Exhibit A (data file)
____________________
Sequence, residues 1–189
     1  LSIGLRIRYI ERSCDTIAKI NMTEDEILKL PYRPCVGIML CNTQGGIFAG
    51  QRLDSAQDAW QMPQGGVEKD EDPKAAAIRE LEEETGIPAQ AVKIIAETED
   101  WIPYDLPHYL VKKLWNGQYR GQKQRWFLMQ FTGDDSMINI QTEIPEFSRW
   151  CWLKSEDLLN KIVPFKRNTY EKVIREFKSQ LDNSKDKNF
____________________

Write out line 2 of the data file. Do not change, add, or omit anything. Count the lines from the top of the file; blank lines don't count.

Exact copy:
     1  LSIGLRIRYI ERSCDTIAKI NMTEDEILKL PYRPCVGIML CNTQGGIFAG